1853. Fort Vancouver, Two companies of the Fourth United States Infantry, commanded by Lieutenant-Colonel B. L. E. Bonneville.

Fort Steilacoom, Two companies of the Fourth United States Infantry, commanded by Brevet Major Chas. H. Larnard. While at this station Major Larnard visited Whidby Island with a few soldiers in an open boat, looking after troublesome Indians. A storm arose, the boat was lost, and he and others were drowned.

Brigadier-General Ethan Allen Hitchcock then commanded the Pacific Division. Headquarters were at Benicia, California.

1854

Fort Vancouver, Two companies of the Fourth Infantry, under Lieutenant-Colonel Bonneville.

Fort Steilacoom, Two companies of the Fourth Infantry, under Captain D. A. Russell.

1854, '55 and '56

Department of the Pacific was commanded by Brevet Major-General John E. Wool.

1855

Fort Vancouver, Two companies of the Fourth Infantry, under Major G. J. Rains.

Fort Steilacoom, Two companies of the Fourth Infantry, under Captain Maloney.

1856

Fort Vancouver, One company of the Fourth Infantry, under Lieutenant-Colonel T. Morris.

Fort Steilacoom, Three companies of the Fourth and Ninth Infantry, under Lieutenant-Colonel Silas Casey.

New Post on Muckleshoot Prairie, Two companies of the Third Artillery and Fourth Infantry, under Captain E. D. Keyes.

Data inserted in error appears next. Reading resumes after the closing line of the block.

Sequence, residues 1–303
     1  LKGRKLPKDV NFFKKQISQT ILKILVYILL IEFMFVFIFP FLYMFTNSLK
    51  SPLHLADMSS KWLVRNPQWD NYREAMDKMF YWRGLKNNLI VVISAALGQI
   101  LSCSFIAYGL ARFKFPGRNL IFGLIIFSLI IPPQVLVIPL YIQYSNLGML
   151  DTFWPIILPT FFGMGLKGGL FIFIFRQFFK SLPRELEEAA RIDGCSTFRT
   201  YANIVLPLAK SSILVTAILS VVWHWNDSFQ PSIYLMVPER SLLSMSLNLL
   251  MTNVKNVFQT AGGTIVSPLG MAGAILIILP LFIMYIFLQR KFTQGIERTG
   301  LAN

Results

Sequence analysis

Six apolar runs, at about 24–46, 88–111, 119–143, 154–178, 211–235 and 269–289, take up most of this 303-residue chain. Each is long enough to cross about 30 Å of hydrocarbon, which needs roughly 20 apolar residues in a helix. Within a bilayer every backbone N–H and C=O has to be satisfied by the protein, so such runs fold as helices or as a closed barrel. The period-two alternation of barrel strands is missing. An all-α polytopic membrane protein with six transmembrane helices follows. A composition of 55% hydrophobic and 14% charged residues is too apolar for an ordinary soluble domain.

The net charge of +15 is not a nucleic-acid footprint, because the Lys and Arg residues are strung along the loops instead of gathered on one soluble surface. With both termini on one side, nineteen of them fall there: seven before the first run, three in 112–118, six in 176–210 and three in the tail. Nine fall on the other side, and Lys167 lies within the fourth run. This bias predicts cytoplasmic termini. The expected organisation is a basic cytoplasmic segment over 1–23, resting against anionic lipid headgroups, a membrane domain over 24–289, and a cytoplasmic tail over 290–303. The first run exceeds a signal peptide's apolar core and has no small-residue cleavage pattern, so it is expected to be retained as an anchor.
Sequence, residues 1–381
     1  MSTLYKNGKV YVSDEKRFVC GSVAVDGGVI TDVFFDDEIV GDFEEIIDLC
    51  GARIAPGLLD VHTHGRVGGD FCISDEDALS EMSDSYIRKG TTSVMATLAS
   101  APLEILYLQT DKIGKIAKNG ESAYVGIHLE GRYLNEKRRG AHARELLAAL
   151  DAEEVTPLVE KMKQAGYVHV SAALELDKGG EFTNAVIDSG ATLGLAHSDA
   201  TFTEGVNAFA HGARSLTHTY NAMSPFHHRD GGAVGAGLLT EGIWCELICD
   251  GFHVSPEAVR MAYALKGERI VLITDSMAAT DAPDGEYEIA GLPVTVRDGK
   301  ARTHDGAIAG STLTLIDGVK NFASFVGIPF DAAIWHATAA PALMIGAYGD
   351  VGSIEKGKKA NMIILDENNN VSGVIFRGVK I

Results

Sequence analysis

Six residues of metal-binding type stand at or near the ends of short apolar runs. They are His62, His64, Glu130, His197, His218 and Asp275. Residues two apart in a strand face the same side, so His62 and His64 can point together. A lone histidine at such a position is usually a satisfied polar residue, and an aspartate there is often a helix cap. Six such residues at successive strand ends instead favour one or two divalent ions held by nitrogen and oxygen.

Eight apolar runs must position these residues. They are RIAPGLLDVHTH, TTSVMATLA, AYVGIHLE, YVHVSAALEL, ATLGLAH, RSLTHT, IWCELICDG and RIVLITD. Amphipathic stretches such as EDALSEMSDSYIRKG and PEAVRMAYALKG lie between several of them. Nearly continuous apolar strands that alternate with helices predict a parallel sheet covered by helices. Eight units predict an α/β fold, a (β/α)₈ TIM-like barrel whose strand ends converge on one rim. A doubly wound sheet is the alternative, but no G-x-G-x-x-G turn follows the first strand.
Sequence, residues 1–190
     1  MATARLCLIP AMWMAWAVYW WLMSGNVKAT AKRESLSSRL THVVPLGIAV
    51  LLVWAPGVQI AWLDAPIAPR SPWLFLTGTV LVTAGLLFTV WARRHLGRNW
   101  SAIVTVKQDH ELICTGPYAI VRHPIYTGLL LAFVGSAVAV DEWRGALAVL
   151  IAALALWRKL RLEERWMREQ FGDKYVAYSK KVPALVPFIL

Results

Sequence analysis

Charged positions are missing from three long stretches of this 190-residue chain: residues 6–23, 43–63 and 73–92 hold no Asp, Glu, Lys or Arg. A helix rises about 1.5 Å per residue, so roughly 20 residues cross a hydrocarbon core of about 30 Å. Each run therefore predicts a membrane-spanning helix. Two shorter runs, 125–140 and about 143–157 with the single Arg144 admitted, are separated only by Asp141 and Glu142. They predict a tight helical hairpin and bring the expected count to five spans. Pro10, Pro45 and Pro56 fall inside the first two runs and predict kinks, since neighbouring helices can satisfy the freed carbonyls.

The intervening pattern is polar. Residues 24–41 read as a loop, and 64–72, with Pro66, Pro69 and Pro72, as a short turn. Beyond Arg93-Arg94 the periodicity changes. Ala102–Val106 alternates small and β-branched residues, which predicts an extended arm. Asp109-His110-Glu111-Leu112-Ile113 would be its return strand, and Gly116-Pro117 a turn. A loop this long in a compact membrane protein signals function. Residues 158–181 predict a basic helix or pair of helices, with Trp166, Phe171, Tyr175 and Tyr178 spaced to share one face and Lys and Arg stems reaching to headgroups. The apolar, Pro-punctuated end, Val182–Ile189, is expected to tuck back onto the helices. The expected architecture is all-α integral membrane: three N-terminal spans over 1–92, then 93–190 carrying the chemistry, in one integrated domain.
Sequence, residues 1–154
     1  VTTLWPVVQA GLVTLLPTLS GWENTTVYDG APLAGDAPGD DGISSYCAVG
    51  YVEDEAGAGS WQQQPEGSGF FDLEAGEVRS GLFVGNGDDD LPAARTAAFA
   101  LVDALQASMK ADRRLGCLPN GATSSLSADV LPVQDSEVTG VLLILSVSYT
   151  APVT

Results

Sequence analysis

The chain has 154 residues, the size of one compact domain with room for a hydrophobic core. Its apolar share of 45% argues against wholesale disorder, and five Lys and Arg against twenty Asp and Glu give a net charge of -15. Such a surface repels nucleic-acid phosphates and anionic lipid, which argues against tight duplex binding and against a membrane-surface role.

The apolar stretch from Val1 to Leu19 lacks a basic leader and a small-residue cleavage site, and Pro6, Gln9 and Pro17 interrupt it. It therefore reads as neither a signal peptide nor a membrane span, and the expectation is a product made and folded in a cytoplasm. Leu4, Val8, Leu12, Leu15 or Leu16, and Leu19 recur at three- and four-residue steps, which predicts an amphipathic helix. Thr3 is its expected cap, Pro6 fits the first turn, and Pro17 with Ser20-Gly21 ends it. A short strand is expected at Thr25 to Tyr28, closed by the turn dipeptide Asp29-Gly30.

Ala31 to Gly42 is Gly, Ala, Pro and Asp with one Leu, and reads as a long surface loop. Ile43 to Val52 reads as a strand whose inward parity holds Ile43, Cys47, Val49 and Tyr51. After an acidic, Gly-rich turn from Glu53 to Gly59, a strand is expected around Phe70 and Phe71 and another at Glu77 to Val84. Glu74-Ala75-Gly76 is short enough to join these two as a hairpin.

Camp on Nachess River, Three companies of the Ninth Infantry, under Brevet Lieutenant-Colonel E. J. Steptoe.

Camp on the Yakima River, Eight companies of the First Dragoons, Third Artillery, Fourth and Ninth Infantry, under Colonel George Wright.

New Post at Cascades, One company of the Ninth Infantry, under Captain C. S. Winder.

1857

Fort Vancouver, One company of the Fourth Infantry, under Lieutenant-Colonel T. Morris.

Fort Steilacoom, Two companies of the Fourth Infantry, under Captain Maloney.

Fort Bellingham, One company of the Ninth Infantry, under Captain George E. Pickett.

Escort to Northwestern Boundary Commission, One company of the Ninth Infantry, under Captain D. Woodruff.

Fort Townsend, One company of the Ninth Infantry, under Major Granville O. Haller.

Military Post on Muckleshoot Prairie, One company of the Ninth Infantry, under Second Lieutenant D. B. McKibbin.

Fort Simcoe, Sixty-five Miles North of Fort Dalles, in Simcoe Valley, Yakima County, Three companies of the Ninth Infantry, under Major R. S. Garnett.

Fort Walla Walla, Four Companies of the First Dragoons, Third Artillery, Fourth and Ninth Infantry, under Lieutenant-Colonel Steptoe.

En Route for Fort Walla Walla, One company of the First Dragoons, under Captain A. J. Smith.

The Department of the Pacific was commanded by Brigadier-General Newman S. Clark in 1857 and also in 1858.

1859

Fort Vancouver, Five companies of the Third Artillery and Fourth Infantry, under Lieutenant-Colonel Morris.

Fort Steilacoom, Three companies of the Fourth and Ninth Infantry, under Lieutenant-Colonel Casey.

Escort to Northwestern Boundary Commission, One company of the Ninth Infantry, under Captain D. Woodruff, at Semiahmoo Bay. Also one company of the Ninth Infantry under Captain J. J. Archer at Osoyoos Lake.